Well, fair’s fair.  I know she’s Lannis-Marie Raehe.  I know where she lives and what her parents do.  “Zielonya King.  Don’t Google me, I’m not there.”

“What do your friends call you – Zie?”

“I couldn’t tell you,” I reply coolly.

“You couldn’t tell what your friends call you?”  Lannis – Clarity – smiles again, and quotes, changing the names:  “Her parents called her Zielonya, and teachers called her King.  I can’t tell you how her friends spoke to her, for she had none.  Is that it?”

“Voyage of the Dawn Treader,”  I confirm.  I’ve been called a variety of names, by friends, and enemies, and teammates, and family, including Zie, Zeke, Lonnie, Twinkle, and many other things I’d rather not be called again.  “Now, you said you wanted to learn how to defend yourself.”  It’s rather transparent, but I hope she’ll take the hint.

She doesn’t. “Your friends call you Starlight just now, because they don’t know your other name.”

“Very sweet of you.  But you’re right; perhaps we’d better wait until we can all be together.  Don’t want you getting a head start, do we?”  I’m tempted to light another cigarette, but don’t.  Largely this is because my niece comes bouncing across to us from the playground, not looking where she’s going, and certainly not seeing the truck rattling down the road far too fast.

Lannis is watching me, wondering what I’m going to do.  I can’t do nothing, or the kid will die.  I can’t do something obvious, or I’ll be blown.  Somehow, I have to make it look like she was hit by the truck.  Split-second timing here.  Just before the truck reaches the girl, I throw a wall of air in front of it, stopping it dead without it touching her, and add in a moving flicker to knock her off her feet.  Studying the way she falls, I nod.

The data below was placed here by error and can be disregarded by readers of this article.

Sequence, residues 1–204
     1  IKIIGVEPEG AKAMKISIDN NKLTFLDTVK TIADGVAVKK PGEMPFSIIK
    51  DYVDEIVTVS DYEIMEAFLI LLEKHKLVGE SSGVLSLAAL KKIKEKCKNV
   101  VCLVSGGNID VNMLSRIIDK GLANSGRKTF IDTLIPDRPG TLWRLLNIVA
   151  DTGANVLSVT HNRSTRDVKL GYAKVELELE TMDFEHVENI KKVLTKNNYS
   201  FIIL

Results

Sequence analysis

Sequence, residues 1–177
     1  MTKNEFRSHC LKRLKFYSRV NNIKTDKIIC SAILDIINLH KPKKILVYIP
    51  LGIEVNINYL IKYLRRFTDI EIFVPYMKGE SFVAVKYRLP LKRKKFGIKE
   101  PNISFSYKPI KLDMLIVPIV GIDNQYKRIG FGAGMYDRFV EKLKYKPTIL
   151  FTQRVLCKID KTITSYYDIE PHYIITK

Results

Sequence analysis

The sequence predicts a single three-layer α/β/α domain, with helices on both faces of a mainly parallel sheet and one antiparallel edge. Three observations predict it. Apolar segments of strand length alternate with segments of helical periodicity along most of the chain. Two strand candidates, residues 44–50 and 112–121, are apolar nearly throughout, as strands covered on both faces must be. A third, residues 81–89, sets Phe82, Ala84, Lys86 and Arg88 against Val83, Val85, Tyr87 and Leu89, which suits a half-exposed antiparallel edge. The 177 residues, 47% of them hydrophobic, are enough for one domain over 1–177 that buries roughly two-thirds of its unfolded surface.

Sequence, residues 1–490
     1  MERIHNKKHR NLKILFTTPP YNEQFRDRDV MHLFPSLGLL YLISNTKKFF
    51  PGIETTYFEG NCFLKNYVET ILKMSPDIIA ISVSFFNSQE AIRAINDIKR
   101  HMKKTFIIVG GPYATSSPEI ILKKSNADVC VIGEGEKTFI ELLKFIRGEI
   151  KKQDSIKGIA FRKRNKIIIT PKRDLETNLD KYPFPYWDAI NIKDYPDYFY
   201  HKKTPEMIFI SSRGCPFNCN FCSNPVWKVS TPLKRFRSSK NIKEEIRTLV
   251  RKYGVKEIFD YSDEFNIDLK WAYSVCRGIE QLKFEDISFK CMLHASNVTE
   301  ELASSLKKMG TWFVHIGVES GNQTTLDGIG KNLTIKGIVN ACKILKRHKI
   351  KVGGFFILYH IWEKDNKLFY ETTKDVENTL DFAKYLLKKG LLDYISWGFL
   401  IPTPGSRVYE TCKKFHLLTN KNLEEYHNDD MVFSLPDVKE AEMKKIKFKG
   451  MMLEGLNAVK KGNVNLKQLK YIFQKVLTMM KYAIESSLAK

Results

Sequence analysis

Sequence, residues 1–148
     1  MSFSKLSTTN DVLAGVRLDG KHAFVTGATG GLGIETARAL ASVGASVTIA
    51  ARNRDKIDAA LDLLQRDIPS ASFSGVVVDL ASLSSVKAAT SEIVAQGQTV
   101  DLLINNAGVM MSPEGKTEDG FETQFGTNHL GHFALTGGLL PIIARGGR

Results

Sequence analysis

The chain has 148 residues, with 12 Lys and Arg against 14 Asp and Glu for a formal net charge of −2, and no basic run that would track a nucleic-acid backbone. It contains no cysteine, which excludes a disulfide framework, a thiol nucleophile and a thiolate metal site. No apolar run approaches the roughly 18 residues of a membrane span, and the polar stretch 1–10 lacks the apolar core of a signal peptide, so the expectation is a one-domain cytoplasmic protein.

Standing quickly, I dart across to her and pick her up, checking for damage.  Grazed knees and hands – nothing serious.

Dorogaya, ty v poryadke? Ne govorit’.  Pereyti k pape srazu.”   Hopefully Lannis doesn’t speak Russian.  “Ladno, khoroshaya devochka.

My niece spits on her grazes to take the sting away, and obediently trots away across the grass, in the direction she came from.

I hate having to pull changes when I’m off-duty; makes me paranoid for hours afterwards that someone will have noticed.  I really – really – hate it when my work and my family get mixed up in each other.  Except with Mother.  Everything to do with Mother is mixed up.

Lannis is staring at me.  This is getting old.  “What did you say to her?  How many languages do you speak?”

“Lannis, I’m sorry, but I think I’d better go now.”

“Um – I was just wondering, since I now know what your face looks like and all – I usually go to the evening Bible study at the church on the other side of the park – I was wondering if you’d like to come along?  And your friend too, if they want.”

“Religion isn’t really his thing… but sure, I’ll come.  So long as you promise not to stalk me home.”


Oh, dear, what have I let myself in for?


8 thoughts on “The Day It Fell Apart

  1. sarahtps June 21, 2015 / 5:23 PM

    So, I’m curious: where’d your name come from? Like, is there a story behind it or something? Because it’s an awesome name (possibly the coolest of anyone in the group; no offense, anyone! definitely cooler than mine) and I’ve never heard it before and yeah.

    Liked by 1 person

  2. writefury June 24, 2015 / 4:29 PM

    Nice name, though I’m still trying to figure out how to pronounce it… 😛
    Oh, and nice job, Lannis. *high fives*
    Don’t worry, Starlight, you’ll love the study. 🙂

    Liked by 1 person

Leave a Reply

Fill in your details below or click an icon to log in: Logo

You are commenting using your account. Log Out /  Change )

Google photo

You are commenting using your Google account. Log Out /  Change )

Twitter picture

You are commenting using your Twitter account. Log Out /  Change )

Facebook photo

You are commenting using your Facebook account. Log Out /  Change )

Connecting to %s